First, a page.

They are also seeking a declaration that the appointment of interim management to run the affairs of the plaintiffs is illegal, unconstitutional, null and void.

The banks also want a declaration that the decision of the CBN to declare them as insolvent and taking over their business through the NDIC, was with malice, bias, illegal, null and void.

They are therefore praying the court to set aside the declaration that they are insolvent and compel the apex bank and its governor to allow the completion of their merger into Alliance Bank Plc.

In a related development, the CBN yesterday blamed the liberalization of the financial sector in the late 80s for the corruption, mismanagement and unhealthy competition in the industry.

CBN’s Deputy Governor, Financial Sector Surveillance, Mr. Tunde Lemo, who stated this at the on-going  Second West Africa Financial Crime Prevention Conference organized by IFEX Training, London in collaboration with Financial Institution Training Centre (FITC) and West African Banking Association (WABA), however, said the consolidation of the banking sector which kicked off on July 6,  2004 had positively impacted on the fight against  financial crime  and corruption.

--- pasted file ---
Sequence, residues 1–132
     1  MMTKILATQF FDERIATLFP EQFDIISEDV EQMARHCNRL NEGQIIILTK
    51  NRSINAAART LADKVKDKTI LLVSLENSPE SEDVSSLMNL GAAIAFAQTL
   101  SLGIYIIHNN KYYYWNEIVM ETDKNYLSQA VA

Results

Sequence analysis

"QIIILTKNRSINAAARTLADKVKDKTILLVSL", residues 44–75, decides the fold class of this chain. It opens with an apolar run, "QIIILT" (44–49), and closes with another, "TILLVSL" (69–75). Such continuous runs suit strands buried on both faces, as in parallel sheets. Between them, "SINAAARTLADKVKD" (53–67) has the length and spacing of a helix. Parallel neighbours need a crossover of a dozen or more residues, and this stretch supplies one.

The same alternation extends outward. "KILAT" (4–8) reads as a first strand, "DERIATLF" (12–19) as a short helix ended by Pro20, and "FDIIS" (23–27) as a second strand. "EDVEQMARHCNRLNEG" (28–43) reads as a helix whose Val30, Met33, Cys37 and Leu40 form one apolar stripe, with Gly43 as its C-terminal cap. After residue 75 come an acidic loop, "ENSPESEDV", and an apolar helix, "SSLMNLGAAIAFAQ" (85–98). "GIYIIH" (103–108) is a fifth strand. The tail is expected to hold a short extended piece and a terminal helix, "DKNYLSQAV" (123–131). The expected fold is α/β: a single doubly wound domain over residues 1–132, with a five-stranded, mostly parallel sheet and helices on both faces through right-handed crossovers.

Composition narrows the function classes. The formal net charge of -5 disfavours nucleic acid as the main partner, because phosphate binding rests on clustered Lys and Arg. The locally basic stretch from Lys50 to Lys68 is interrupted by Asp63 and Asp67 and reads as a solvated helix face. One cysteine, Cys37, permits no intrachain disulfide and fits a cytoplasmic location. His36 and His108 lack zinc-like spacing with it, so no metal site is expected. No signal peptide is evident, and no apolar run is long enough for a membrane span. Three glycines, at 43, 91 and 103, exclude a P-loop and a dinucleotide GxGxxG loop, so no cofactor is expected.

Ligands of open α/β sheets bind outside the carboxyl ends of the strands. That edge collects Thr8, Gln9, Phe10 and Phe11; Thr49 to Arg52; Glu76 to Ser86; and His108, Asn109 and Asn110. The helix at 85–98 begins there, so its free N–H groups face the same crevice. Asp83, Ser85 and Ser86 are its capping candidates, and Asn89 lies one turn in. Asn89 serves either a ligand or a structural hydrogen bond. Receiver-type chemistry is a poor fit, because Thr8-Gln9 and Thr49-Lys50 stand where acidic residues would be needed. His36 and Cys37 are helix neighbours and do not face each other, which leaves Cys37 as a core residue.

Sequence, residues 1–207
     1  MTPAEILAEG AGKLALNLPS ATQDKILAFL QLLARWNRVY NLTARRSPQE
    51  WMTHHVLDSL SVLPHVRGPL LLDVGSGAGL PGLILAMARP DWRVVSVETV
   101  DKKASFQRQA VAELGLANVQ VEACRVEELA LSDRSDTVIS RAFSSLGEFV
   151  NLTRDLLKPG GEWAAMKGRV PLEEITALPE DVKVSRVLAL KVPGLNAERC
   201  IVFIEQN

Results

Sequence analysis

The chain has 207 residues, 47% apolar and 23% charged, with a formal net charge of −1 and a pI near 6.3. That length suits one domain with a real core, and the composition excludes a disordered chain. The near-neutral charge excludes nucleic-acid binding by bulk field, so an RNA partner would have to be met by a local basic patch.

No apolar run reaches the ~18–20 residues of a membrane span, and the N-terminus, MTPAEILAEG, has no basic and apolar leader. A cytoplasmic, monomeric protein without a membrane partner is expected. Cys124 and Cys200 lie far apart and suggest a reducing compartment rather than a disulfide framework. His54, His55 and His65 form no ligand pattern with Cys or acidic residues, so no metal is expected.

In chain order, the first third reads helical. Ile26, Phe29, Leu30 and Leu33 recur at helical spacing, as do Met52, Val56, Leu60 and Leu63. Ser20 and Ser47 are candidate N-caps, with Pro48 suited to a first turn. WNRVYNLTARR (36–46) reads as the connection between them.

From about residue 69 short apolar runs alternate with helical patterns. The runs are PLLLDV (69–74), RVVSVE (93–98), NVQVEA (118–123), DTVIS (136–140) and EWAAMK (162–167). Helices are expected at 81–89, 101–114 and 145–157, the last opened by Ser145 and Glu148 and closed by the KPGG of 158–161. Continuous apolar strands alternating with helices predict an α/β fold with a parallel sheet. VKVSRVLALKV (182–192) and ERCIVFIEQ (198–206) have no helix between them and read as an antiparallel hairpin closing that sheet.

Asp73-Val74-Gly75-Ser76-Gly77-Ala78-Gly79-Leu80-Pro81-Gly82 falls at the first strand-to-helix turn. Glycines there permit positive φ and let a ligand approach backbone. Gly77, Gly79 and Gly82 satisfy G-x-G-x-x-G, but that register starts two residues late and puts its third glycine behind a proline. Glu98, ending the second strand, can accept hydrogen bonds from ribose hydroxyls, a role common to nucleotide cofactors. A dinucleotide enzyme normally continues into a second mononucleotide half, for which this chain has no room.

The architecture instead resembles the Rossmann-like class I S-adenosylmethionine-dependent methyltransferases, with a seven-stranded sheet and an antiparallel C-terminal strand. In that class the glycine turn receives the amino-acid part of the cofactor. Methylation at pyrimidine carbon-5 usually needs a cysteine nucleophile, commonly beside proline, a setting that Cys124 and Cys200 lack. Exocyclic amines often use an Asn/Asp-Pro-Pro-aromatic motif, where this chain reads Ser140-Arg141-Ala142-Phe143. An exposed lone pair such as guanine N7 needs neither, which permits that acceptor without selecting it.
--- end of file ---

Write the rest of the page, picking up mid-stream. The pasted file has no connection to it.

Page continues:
According to him, “it was the liberalization of the financial sector in the late 80s that resulted in phenomenal increase in the number and complexity of banks and non-bank financial institutions in Nigeria.

“This engendered unhealthy competition, ineffective internal control systems, weak corporate governance and other sundry malpractices. There was also unnecessary poaching of the few qualified personnel in the industry.
“Consequently, we had many fragile, small an uncompetitive banks haunted by corruption and mismanagement. The system was characterized by low depositor confidence in many of the banks which could not support the economy.”